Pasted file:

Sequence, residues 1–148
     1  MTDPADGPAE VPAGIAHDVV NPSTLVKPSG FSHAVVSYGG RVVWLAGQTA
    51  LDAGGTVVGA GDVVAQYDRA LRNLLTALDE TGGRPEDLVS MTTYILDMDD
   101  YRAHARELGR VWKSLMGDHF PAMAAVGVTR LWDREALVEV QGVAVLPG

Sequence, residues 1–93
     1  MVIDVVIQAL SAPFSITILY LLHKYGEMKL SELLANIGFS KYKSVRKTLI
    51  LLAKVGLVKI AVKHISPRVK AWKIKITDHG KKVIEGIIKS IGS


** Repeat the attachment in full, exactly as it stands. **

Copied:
Sequence, residues 1–148
     1  MTDPADGPAE VPAGIAHDVV NPSTLVKPSG FSHAVVSYGG RVVWLAGQTA
    51  LDAGGTVVGA GDVVAQYDRA LRNLLTALDE TGGRPEDLVS MTTYILDMDD
   101  YRAHARELGR VWKSLMGDHF PAMAAVGVTR LWDREALVEV QGVAVLPG

Sequence, residues 1–93
     1  MVIDVVIQAL SAPFSITILY LLHKYGEMKL SELLANIGFS KYKSVRKTLI
    51  LLAKVGLVKI AVKHISPRVK AWKIKITDHG KKVIEGIIKS IGS